1991 NLCS: The Braves-Pirates Rivalry Begins
For two straight years, the Atlanta Braves and Pittsburgh Pirates battled in the National League Championship Series. Over the 1991-92 stretch, both teams enjoyed the role of favorite and both teams enjoyed homefield advantage under the rotation system that at the time. These playoff battles had two other things in common—both times they went all seven games and both times it was Atlanta pouring champagne at the end.
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Atlanta came into the 1991 NLCS in what most people would consider a “just happy to be here” mode. They had completed a stunning worst-to-first transformation to reach the postseason. Pittsburgh, on the other hand, was the team that had gotten playoff-tested in a 1990 NLCS loss to the Cincinnati Reds. The ‘91 Pirates came into the playoffs as the best team in baseball and nothing less than winning their first World Series since 1979 would suffice.
You can read more about the regular season paths the Braves and Pirates took to win their respective divisions and who their most important contributors were at the links below. These article will focus specifically on the games of the 1991 NLCS.
READ MORE ABOUT THE 1991 ATLANTA BRAVES
READ MORE ABOUT THE 1991 PITTSBURGH PIRATES
The series opened in old Three Rivers Stadium in Pittsburgh with a pitching matchup of the last two Cy Young Award winners. The Pirates’ Doug Drabek had won the award in 1990. Tom Glavine for the Braves won it in 1991 (though this wouldn’t be officially known until November).
Pittsburgh quickly jumped on Glavine. Andy Van Slyke hit a solo home run in the first inning and delivered an RBI double in the third as the Pirates took a 3-0 lead. Drabek contributed to his own cause in the sixth with an RBI double, while also shutting down the Atlanta lineup. The Braves didn’t score until the ninth when a meaningless home run from David Justice helped the avoid a shutout. Pittsburgh took the opener 5-1.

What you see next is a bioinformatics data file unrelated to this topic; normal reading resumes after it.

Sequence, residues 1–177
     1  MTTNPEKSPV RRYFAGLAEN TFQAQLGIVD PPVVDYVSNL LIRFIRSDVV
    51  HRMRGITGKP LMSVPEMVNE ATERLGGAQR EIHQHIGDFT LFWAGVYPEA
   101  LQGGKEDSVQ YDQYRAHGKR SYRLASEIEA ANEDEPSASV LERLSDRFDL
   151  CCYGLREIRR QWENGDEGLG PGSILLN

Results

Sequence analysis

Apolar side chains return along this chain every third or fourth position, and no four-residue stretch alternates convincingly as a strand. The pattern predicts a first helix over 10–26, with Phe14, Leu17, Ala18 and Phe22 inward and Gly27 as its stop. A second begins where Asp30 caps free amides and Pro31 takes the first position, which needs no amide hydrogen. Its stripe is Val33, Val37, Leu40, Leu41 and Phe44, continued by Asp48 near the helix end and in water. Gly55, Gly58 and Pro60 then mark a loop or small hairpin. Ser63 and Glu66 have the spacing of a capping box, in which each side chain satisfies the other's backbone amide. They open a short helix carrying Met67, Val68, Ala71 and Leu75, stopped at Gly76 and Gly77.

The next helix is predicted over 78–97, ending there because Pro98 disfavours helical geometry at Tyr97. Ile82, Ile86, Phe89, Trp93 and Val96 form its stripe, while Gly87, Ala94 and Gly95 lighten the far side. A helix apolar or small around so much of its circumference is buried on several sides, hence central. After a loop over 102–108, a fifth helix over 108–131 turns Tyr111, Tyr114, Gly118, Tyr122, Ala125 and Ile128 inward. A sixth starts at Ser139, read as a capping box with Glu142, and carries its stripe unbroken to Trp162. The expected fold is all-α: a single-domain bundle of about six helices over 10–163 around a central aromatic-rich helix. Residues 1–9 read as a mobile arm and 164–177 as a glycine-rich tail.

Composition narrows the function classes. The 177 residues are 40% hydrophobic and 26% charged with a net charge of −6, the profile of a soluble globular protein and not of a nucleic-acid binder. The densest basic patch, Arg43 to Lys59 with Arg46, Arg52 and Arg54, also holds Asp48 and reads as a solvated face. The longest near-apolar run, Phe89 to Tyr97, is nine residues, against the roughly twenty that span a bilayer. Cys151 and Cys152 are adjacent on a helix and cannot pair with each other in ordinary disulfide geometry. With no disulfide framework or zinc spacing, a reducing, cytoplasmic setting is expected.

A pair of lefties matched up in Game 2, Steve Avery for Atlanta and Zane Smith for Pittsburgh. The Braves blew a second-inning opportunity when three consecutive singles loaded the bases with none out. Rafael Belliard, batting in the 8-hole grounded into a force-out at home. Avery struck out and Smith escaped the jam. Over the home half of the second and the top of the third, each team had a man get on first and then steal both second and third base—Barry Bonds for the Pirates, Ron Gant for the Braves. Again, no one scored.
It wasn’t until the sixth that Atlanta broke through. Justice led off with a single and then scored ona two-out double from Mark Lemke. Avery kept the 1-0 lead to the bottom of the ninth, when Pittsburgh got a leadoff double from Barry Bonilla. Avery was able to get Bonds and prevent him from advancing the runner. Atlanta manager Bobby Cox summoned Alejandro Pena to get the final two outs. Pena made it interesting by uncorking a wild pitch that put Bonilla on third with one out. But Steve Buechele harmlessly tapped back to Pena for the second out and Curt Wilkerson struck out to end the game.
After a day off to travel south, the series resumed for Game 3 with a late afternoon start on Saturday. Atlanta’s young John Smoltz took the mound against Pittsburgh’s 20-game winner, John Smiley. The Pirates struck with first-inning home run from Orlando Merced. Smiley got the first two batters out in the bottom of the first, but then everything started to go the Braves’ way. Gant, Justice and Brian Hunter hit consecutive doubles, Greg Olson homered and in the blink of an eye it was 4-1. It was 6-1 after three innings, Smoltz worked into the seventh and the final was 10-3.
The Braves now seemed to hold the edge, with a favorable pitching matchup for Sunday night’s Game 4, as they had veteran lefty Charlie Liebrandt set to face the Pirates’ Randy Tomlin. And Atlanta jumped on Tomlin quickly when Lonnie Smith led off the first inning with a double and scored on consecutive productive outs. Three more singles by Justice, Hunter and Olson produced another run and a 2-zip lead.